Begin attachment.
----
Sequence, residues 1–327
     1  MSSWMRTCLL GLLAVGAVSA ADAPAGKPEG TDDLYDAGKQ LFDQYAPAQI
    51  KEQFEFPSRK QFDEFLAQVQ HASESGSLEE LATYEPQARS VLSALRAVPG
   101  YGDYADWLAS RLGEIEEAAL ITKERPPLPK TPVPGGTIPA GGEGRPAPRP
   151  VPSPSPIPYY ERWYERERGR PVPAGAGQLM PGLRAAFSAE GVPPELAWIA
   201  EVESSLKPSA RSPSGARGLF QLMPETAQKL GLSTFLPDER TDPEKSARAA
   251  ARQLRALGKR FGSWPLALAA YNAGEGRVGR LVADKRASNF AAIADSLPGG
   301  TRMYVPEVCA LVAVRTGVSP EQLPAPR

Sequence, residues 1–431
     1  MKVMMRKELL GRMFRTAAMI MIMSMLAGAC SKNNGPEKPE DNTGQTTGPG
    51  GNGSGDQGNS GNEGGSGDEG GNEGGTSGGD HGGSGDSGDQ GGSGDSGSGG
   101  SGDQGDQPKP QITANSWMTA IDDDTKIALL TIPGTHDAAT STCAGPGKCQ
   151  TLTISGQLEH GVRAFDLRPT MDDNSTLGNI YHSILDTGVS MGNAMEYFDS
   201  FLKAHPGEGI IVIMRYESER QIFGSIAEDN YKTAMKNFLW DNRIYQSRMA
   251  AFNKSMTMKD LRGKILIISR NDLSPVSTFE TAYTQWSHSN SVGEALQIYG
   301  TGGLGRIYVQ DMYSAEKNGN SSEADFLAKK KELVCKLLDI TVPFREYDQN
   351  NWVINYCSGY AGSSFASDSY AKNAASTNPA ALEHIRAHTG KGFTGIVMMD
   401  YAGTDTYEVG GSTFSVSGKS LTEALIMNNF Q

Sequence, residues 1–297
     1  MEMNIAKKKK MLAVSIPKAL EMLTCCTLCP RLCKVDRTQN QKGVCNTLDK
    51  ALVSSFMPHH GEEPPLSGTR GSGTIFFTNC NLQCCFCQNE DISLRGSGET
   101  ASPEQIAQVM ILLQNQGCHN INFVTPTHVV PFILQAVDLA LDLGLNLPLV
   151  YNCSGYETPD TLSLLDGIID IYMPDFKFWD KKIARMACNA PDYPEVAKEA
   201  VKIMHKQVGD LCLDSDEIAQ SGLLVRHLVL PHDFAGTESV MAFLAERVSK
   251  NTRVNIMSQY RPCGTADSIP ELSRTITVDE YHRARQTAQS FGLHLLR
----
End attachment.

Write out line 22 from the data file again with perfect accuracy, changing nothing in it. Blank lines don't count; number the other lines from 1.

   101  ASPEQIAQVM ILLQNQGCHN INFVTPTHVV PFILQAVDLA LDLGLNLPLV